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Chest. 2018 Nov 9. pii: S0012-3692(18)32720-X. doi: 10.1016/j.chest.2018.10.039. [Epub ahead of print]

The Landscape of US Lung Cancer Screening Services.

Author information

1
Division of General Internal Medicine, Department of Medicine, Icahn School of Medicine at Mount Sinai, New York, NY.
2
Division of General Internal Medicine, Department of Medicine, Icahn School of Medicine at Mount Sinai, New York, NY; Division of Pulmonary, Critical Care, and Sleep Medicine, Department of Medicine, Icahn School of Medicine at Mount Sinai, New York, NY.
3
Institute for Translational Epidemiology, Icahn School of Medicine at Mount Sinai, New York, NY; Department of Population Health Science and Policy, Icahn School of Medicine at Mount Sinai, New York, NY.
4
Institute for Translational Epidemiology, Icahn School of Medicine at Mount Sinai, New York, NY. Electronic address: bian.liu@mountsinai.org.

Abstract

BACKGROUND:

Low adoption of lung cancer screening is potentially caused by inadequate access to a comprehensive lung cancer screening registry (LCSR), currently a requirement for reimbursement by the Centers for Medicare and Medicaid Services. However, variations in LCSR facilities have not been extensively studied.

METHODS:

We applied a hierarchical clustering method to a comprehensive database integrating state-level LCSR facility density, defined as the number of facilities per 100,000 at-risk persons, lung cancer outcomes including mortality and stage-specific incidence, and socioeconomic and behavioral factors.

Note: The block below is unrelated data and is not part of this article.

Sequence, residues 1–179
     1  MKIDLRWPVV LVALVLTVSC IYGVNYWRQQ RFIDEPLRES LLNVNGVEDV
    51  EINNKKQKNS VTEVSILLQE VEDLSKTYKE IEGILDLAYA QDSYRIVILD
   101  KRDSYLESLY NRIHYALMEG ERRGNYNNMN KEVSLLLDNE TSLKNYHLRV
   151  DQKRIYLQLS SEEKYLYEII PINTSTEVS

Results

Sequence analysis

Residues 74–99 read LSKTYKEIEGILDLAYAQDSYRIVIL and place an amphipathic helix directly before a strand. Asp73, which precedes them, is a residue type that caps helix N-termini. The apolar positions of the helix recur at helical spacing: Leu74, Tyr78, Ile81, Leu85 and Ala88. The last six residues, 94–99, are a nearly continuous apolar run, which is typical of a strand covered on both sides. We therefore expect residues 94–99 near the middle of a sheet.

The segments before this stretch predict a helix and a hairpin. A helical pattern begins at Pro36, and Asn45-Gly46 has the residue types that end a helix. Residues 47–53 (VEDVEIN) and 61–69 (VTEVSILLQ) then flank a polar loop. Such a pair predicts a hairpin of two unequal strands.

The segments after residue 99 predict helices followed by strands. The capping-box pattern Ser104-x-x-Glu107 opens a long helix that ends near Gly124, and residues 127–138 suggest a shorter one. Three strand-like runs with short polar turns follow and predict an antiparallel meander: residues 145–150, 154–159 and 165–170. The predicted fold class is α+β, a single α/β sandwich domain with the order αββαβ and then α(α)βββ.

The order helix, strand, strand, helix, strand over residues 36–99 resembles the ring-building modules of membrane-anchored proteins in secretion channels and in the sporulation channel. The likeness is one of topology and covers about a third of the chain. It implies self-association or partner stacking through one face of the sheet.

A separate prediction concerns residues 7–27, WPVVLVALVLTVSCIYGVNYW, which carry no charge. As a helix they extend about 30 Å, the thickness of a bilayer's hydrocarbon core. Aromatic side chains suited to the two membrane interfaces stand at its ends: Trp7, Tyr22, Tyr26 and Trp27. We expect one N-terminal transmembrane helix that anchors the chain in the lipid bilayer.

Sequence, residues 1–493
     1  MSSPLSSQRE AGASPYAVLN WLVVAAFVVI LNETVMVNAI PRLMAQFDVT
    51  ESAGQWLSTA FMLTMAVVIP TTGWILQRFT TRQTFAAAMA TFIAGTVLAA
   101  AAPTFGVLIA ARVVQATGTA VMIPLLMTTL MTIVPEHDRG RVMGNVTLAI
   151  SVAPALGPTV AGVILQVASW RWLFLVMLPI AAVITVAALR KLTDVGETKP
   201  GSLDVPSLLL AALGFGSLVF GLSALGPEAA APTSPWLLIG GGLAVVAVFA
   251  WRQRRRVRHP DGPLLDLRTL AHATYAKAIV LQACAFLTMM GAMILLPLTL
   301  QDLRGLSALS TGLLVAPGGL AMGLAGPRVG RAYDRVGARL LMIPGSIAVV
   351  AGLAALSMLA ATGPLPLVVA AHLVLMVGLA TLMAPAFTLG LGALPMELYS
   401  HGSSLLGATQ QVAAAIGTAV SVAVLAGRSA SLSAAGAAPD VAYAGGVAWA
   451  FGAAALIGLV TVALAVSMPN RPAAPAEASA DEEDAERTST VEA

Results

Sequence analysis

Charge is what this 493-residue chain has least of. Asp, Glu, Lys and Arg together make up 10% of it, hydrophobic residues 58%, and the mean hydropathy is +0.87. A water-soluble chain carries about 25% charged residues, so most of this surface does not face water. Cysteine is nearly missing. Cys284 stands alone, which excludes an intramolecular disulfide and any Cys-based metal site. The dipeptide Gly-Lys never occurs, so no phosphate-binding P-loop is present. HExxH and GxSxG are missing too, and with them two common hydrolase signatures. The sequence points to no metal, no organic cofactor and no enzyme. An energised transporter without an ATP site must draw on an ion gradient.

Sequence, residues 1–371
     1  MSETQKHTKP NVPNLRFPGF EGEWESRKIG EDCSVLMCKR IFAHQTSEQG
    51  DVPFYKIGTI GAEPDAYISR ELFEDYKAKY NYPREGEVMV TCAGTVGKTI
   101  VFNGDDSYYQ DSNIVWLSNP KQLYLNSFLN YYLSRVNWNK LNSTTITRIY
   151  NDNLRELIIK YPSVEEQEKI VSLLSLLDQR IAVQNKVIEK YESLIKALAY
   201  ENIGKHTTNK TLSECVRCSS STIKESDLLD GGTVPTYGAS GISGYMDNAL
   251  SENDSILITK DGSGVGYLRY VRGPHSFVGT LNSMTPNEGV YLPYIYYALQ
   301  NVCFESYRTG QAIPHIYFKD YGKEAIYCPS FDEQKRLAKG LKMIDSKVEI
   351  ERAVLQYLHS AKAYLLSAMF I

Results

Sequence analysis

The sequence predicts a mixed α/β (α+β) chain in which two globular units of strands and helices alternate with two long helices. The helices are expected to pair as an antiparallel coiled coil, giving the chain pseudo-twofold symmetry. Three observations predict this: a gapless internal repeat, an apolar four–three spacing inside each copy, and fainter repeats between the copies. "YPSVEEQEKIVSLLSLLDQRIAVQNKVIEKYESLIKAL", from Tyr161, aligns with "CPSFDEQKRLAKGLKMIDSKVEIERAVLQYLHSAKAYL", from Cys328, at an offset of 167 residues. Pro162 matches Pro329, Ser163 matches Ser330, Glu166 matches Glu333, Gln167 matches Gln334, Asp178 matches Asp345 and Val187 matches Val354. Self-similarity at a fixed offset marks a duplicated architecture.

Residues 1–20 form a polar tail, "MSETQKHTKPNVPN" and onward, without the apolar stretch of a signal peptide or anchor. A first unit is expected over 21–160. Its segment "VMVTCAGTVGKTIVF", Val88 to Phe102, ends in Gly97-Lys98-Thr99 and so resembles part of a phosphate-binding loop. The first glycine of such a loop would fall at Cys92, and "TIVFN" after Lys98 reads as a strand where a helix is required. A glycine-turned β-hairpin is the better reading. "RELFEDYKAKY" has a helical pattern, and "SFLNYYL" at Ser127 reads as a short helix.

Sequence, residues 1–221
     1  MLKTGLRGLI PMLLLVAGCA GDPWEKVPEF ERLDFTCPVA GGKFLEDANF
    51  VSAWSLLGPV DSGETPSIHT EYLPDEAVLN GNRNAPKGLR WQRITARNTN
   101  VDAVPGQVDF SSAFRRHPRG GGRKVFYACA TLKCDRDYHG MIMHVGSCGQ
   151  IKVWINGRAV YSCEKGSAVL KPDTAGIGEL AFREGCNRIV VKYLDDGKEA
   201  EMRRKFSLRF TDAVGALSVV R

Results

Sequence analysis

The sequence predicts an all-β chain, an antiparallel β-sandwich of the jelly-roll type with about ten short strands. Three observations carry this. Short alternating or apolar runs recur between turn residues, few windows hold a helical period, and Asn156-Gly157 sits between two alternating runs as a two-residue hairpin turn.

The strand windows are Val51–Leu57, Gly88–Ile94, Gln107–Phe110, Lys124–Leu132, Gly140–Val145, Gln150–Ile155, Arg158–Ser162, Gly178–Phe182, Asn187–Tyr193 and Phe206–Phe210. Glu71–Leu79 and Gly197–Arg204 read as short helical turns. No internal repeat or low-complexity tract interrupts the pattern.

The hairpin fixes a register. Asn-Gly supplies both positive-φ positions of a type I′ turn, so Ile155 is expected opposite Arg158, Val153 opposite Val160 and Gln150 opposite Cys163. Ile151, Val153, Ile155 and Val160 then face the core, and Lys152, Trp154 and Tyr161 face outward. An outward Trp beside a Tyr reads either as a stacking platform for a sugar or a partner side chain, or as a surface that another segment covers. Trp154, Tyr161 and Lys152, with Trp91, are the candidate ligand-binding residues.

RESULTS:

We found three distinct clusters of LCSR facilities roughly corresponding to the northern (cluster 1), southeastern (cluster 2), and southwestern (cluster 3) states. The southeastern states had the lowest total number of facilities (67 ± 44 in cluster 2 < 74 ± 69 in cluster 1 < 80 ± 100 in cluster 3), the slowest increase in facilities (23 ± 20 in cluster 2 < 26 ± 28 in cluster 1 < 27 ± 32 in cluster 3) between 2016 and 2018, and the highest lung cancer burden and current smokers. They ranked second in terms of facility density (2.9 ± 1.0 in cluster 3 < 3.8 ± 1.3 in cluster 2 < 6.3 ± 2.8 in cluster 1) and increase in facility density (1.1 ± 0.3 in cluster 3 < 1.3 ± 0.7 in cluster 2 < 2.5 ± 2.5 in cluster 1).

CONCLUSIONS:

We found substantial state-level variability in LCSR facilities tied to lung cancer burden, socioeconomic characteristics, and behavioral characteristics. Given the known risk factors of lung cancer, correcting a suboptimal distribution of screening programs will likely lead to improved lung cancer outcomes.

KEYWORDS:

Medicare; geographic disparities; health service access; lung cancer screening; registry

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